Languages, runtimes, discussions and passions

Apart from vi vs. emacs (or rather XEmacs!), there’s nothing that can make passions fly high as a good, old-fashioned language debate I’ve got a book published by Baen that collects the first few years of Jerry  Pournelle’s Chaos Manor columns for Byte. And those are already stiff with language debate: byte-code (then called p-code) vs. natively compiled code. Easy Basic vs. manly Fortran…

It started with Miguel de Icaza talking big about his pet project, Mono. I think mono is a fundamentally stupid and wasteful idea, but that’s Miguel’s specialty. After all, he’s the person who started Gnome when the FSF already had the beginnings of a perfectly fine desktop environment, namely GNUStep, and the Free software world in general a perfectly fine desktop environment in KDE. Havoc Pennington’s answer is more interesting (even though Havoc Pennington is so blinkered that he really doesn’t seem to know KDE exists and should be reckoned to be part of the equation), and the discussion that followed was nice, too.

Perhaps the best comment was by Graydon Hoare, who arrived, in Components and Text, at a very fundamental truth. Language doesn’t matter, as long as there’s text, code text, because translating from one computer language to another is often easy enough. It’s worth reading.

Of course, given the way projects, or rather, packages, live, flourish and die in the wild and open world, no amount of posturizing will ever change anything fundamentally. Just like creating a new ‘unifying’ GUI toolkit will never mean that the other choices disappear, just that there’s another choice, creating a new platform will not unify anything. In this, Havoc is sounder than Miguel, but still… You cannot really ‘move’ anything in this world, you can only add new stuff, and hope that the old layers slowly die over time.

No call for unification will ever unify anything (especially not if it comes from one of the original fragmenters) — at best, it’ll add another viable option. In fact, this particular proposal, which dates from 2000, is the perfect proof of my contention.

Not that I care about fragmentation: that’s the way of the world, and even though I think Miguel silly for starting Gnome and Evolution, I am thankful to the KDE time for developing Konqueror, instead of trying to work with Mozilla, and I am glad the Kate developers have had the courage to produce yet another text editor. Besides, I am working on Krita, which is, at the moment, a mere shadow of the Gimp. (But I have Plans!)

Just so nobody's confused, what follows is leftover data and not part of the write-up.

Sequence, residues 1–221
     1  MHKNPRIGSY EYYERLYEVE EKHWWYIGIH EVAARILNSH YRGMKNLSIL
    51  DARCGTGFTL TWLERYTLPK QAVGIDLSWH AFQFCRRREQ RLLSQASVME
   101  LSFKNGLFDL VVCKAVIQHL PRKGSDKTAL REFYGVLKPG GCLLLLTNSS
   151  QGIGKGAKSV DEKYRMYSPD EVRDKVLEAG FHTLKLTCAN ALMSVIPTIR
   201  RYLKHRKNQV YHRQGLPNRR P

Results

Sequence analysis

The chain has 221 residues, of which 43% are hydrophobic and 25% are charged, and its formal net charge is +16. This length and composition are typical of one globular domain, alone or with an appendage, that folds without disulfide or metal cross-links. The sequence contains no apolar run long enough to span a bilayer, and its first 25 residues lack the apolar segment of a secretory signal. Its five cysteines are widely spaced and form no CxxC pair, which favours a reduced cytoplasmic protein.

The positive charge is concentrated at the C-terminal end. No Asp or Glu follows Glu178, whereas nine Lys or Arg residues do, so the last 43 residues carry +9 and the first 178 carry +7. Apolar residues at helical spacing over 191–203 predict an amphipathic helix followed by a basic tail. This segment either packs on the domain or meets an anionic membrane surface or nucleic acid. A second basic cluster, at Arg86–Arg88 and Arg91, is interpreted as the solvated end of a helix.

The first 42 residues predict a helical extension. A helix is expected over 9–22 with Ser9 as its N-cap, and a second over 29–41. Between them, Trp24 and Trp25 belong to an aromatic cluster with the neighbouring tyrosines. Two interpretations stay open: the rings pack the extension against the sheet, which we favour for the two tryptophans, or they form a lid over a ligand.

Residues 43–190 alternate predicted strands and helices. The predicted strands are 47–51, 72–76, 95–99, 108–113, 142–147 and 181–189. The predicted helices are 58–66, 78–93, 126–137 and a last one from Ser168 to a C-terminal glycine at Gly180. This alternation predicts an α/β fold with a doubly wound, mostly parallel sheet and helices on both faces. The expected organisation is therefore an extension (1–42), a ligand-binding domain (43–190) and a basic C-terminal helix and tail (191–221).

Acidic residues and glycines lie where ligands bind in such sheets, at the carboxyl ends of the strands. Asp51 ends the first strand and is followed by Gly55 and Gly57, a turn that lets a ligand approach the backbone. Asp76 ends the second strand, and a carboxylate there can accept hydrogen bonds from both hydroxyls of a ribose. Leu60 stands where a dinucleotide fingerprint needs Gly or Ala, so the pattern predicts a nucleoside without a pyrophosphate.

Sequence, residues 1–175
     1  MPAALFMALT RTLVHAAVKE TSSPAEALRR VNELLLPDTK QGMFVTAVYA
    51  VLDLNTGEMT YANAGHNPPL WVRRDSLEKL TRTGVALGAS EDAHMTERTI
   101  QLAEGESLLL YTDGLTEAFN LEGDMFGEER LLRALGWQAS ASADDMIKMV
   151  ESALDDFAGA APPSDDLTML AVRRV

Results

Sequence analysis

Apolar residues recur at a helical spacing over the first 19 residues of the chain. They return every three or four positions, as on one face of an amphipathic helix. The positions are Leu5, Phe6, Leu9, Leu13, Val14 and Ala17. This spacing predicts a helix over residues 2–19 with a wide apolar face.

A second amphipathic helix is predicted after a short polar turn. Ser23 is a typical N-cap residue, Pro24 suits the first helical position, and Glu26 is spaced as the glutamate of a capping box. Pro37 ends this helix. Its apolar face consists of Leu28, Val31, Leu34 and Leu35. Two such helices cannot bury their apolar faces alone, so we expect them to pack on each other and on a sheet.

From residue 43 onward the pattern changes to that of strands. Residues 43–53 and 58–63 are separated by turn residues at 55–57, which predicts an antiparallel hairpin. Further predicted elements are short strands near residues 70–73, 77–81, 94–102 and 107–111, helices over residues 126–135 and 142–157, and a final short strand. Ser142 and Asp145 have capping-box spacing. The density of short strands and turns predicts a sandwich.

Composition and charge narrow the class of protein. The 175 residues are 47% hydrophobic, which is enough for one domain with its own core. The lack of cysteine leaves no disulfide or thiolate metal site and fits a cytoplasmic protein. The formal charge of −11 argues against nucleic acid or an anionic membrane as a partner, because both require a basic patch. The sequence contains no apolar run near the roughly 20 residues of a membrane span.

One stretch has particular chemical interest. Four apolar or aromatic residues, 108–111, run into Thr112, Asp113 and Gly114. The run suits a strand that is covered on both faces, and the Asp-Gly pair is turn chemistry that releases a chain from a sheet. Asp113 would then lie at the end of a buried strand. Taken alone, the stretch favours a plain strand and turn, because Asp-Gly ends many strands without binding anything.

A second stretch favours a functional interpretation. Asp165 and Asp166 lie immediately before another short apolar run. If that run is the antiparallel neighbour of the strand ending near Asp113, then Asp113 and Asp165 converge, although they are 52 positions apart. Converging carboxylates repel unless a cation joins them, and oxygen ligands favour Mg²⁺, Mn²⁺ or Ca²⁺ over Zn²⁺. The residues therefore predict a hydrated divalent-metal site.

Anyway, when you look at KDE, which has great bindings to Python, and workable bindings to Ruby, Perl, Objective C, C and Java — besides an ecmascript binding and a javascript binding, it’s clear that Havoc’s wish has already been granted: it is possible to create applications and core components for a free desktop in a managed language without penalties. Sure, there’s work to be done, and, in the end, it turns out that working with C++ isn’t all that hard…

Usability, that old b****r

Usability is hot — especially usability for Linux Desktop Environments. After all, we (that’s the lde (Linux Desktop Environments) developers) want the misguides Windows-using masses to switch, and join us, and be enlightened, now don’t we?

Well, I don’t. I don’t care — what I want, in the first place, is an environment that enables me to do my work. And my work consists of  coding, writing (novels, blog entries and articles), messing with photographs, listening to music, playing the occasional game while waiting for a long compile, emailing, browsing, imming — you get the picture. And not only do I want to be enabled to do that, I want to feel comfortable.

KDE, with its myriad config options, with its minicli with completion, its excellent terminal emulator Konsole, its email client that tries to guess when I’ve forgotten an attachment, its insanely powerful file manager has always managed to make me feel comfortable. Empowered. Strong in the knowledge that this computer is serving me.

But in the outside world, evil forces are shaping the mindsets of other KDE developers in a dark and Sheldrakian field. Gnome used to be the epitome of power; it sunk to a third-rate (after Windows) imitation of MacOS. Gnome has its GConfEdit, Windows its Regedit, OS X its NetConfig. All three are tissue towels to stop the bleeding from their respective user-level config apps. All three make a noise while drinking soup — that’s to say, in case you haven’t read your Emily Post nor your Wodehouse, they suck. And now, infected by this leprous mentality that tries to hide all that’s powerful from users, KDE developers are disembowelling, emasculating KControlCenter by moving useful options, options even my eight-year-old daughters use with glee, out and away.